• a hand carriage bottle crate comprising: a base, side frames of wire work, each having its bottom cross bar portion hingedly connected to a relative side of the base, and its opposite ends bent inwardly to rest upon the tray and limit the inward swing of the frame in an upright position and offset the opposite ends and top of the frame inwardly from the bottom cross bar portion, a sheet metal web providing a closure for the body portion of the frame having its opposite ends bent laterally and connecting with the,
  • the side frames swinging outwardly from a perpendicular position on the base, and a pair of bails, each hingedly connected to a respective top of a side frame and centrally thereof, the bails adapted one to be interlooped through the other to bring and lock the same into a horizontal position for engagement with the top of the opposite side frame to link the side frames together in their perpendicular position.
  • a hand carriage bottle crate comprising: a base of tray form to receive and support a group of bottles in an upright position and pair of aligned rows, side frames of wire work each composed of top and bottom cross bars connected by perpendicular side bars, the bottom cross bar intermediate of its opposite ends hingedly connected with a relative side of the base and having its opposite ends curved laterally inward to overlie and bear upon the ends of thebase for limiting the inward swing of.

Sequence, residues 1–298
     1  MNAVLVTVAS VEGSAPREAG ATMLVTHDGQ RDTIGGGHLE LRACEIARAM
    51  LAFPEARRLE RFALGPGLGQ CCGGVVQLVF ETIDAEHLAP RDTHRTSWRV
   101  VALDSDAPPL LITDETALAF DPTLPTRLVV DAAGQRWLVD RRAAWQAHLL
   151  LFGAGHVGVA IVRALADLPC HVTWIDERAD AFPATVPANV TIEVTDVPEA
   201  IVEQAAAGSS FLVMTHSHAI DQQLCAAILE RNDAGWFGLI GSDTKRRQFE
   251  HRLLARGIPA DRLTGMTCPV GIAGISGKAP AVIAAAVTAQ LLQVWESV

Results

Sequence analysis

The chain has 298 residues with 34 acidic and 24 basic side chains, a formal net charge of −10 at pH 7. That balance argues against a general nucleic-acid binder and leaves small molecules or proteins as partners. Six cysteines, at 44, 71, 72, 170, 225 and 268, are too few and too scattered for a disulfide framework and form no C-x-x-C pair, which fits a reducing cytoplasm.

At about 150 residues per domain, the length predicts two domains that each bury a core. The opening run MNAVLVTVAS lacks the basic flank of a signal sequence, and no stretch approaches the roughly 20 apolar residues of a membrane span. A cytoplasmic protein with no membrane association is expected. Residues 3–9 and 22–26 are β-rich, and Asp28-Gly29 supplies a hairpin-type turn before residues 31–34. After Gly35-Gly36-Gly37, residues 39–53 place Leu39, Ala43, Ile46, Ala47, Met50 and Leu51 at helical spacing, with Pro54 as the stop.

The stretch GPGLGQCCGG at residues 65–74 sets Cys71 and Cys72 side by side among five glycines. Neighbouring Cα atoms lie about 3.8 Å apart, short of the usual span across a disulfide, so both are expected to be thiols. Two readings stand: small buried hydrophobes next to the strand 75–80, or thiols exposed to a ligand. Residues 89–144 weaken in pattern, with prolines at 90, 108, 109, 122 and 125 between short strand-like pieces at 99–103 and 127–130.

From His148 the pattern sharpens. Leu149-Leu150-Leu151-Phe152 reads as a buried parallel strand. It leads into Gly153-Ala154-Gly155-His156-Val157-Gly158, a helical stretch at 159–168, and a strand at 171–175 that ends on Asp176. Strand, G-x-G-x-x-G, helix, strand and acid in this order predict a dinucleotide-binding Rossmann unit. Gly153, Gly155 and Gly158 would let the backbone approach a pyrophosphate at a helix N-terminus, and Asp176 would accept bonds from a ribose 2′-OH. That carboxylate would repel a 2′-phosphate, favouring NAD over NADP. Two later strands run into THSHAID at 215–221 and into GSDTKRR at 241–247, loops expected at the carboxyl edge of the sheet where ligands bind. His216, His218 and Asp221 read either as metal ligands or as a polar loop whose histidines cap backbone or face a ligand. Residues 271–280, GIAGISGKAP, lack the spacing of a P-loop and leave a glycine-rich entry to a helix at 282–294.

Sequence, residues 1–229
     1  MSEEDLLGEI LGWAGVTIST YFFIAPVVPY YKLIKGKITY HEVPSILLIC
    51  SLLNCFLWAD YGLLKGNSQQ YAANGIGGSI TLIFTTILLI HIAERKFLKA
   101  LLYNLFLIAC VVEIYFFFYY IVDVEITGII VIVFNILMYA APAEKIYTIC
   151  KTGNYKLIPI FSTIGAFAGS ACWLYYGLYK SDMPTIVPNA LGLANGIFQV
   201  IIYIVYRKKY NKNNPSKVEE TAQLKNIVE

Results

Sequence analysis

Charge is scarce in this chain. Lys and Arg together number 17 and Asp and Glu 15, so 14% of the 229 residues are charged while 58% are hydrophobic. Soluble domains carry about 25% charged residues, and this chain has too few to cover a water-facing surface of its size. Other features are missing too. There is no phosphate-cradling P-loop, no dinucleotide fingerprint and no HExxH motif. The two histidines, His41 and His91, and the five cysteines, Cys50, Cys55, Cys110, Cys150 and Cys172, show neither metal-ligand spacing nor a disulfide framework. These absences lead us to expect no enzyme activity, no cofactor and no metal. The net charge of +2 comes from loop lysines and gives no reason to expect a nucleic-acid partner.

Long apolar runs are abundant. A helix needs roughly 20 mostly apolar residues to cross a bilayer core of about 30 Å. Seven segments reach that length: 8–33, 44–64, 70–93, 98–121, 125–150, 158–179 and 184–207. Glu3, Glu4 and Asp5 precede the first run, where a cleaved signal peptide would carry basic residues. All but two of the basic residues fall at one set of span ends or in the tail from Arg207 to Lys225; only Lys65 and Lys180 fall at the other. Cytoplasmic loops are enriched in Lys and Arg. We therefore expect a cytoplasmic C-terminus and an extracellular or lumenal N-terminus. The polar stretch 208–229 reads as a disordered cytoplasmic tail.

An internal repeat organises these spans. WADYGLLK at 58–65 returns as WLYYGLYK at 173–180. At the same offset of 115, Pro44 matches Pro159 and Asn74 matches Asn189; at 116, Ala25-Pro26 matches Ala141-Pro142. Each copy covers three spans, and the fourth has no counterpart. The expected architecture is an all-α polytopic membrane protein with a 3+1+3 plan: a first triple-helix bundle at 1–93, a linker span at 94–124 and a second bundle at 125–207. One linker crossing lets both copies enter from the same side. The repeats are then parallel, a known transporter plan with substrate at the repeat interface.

• a hand carriage bottle crate comprising: a base to receive and support a group of bottles in an upright position and pair of aligned rows, side frames of wire work each composed of top and bottom cross bars connected by perpendicular side bars, the bottom cross bar hingedly connected with a relative side of the base and having its opposite ends extending laterally inward to overlie and bear upon the ends of the base for limiting the inward swing of the frame and to offset the side and top bars inwardly from the bottom bar, the side bars to confine the bottles within the opposite ends of the base and bring the upper cross bar in proximity with the necks of the bottles to confine them against vertical displacement, and a pair of bails each hingedly connected to a respective top bar of a frame and centrally thereon and adapting one thereof to be interlooped through by the second and locked thereby in a horizontal position to bind the frames, and the second in an upward position providing a hand hold for crate carriage, and in a. lowered position alongside the bottles locking the first bail in its latching position,